Must a Man Hang Because He Is Accused of Being Gay?

The Evening Standard (London, England), August 6, 2010 | Go to article overview

Must a Man Hang Because He Is Accused of Being Gay?


Byline: Peter Tatchell

EIGHTEEN-year-old Ebrahim Hamidi has been sentenced to death by a court in the Iranian city of Tabriz, on charges that he sexually assaulted another man. His accuser has since withdrawn the assault claim in a sworn affidavit, admitting that he lied under parental pressure. But Ebrahim is still scheduled to hang.

Two years ago, Ebrahim caught the alleged sex attack victim damaging his father's crops. There had been a history of feuding between their families. A fist fight ensued, involving Ebrahim and some friends. During the fracas, the accuser's trousers slipped down 20cm, which he claimed was evidence of a sexual assault.

Ebrahim and three friends were arrested on sodomy charges and tortured in a detention centre for three days. Ebrahim was hanged upside down by his legs and badly beaten. To stop this abuse, he signed a confession.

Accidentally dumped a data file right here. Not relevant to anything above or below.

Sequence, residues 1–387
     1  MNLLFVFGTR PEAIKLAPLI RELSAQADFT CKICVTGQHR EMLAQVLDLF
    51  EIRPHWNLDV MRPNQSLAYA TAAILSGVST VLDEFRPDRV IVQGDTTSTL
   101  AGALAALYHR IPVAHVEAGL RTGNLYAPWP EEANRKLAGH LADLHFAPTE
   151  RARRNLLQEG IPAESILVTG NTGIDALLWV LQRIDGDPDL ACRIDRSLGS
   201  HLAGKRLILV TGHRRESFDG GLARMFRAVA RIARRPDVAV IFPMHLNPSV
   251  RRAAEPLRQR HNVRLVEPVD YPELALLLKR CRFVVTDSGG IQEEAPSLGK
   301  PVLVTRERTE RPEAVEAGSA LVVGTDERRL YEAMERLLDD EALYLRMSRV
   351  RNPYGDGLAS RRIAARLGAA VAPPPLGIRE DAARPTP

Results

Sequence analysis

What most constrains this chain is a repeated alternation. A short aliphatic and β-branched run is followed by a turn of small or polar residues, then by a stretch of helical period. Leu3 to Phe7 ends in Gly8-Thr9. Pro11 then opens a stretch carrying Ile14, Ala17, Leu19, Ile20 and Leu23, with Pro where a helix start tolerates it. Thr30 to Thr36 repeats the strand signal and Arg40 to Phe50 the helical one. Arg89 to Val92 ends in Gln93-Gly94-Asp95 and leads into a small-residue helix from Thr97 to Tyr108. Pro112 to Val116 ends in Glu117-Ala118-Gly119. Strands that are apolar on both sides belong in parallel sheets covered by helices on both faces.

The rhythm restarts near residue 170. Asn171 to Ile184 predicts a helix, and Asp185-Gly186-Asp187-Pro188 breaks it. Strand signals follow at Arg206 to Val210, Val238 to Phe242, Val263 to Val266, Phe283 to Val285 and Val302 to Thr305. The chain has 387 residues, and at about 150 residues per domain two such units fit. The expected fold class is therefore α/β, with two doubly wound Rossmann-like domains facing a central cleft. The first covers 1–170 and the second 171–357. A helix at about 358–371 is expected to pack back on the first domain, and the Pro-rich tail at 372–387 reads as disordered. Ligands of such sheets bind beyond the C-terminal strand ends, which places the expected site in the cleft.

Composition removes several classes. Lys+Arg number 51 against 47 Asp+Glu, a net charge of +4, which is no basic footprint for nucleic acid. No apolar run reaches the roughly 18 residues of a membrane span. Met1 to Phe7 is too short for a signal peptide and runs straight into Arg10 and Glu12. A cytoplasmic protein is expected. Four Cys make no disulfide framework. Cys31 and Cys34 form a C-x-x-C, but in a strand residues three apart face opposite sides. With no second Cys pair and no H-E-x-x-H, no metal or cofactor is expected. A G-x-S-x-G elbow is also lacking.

There is no evidence that Ebrahim is gay or that a sexual assault took place; just the word of one person against another and a confession under torture, which was later retracted.

At his first trial in 2008, Ebrahim was sentenced to hang on the basis of the "knowledge of the judge" -- a bizarre legal protocol whereby, in the absence of sufficient evidence to convict in sodomy and adultery cases, a judge is free to assess that a person is guilty.

Ebrahim's death sentence is in defiance of the Supreme Court of Iran, which has twice rejected the local court's guilty verdict and ordered a reexamination of the case, citing errors in the legal investigation and an "issue of doubt". These two Supreme Court rulings against conviction and execution have been ignored by the judiciary in Tabriz.

At the third and most recent trial in June, Ebrahim's three co-defendants were acquitted. …

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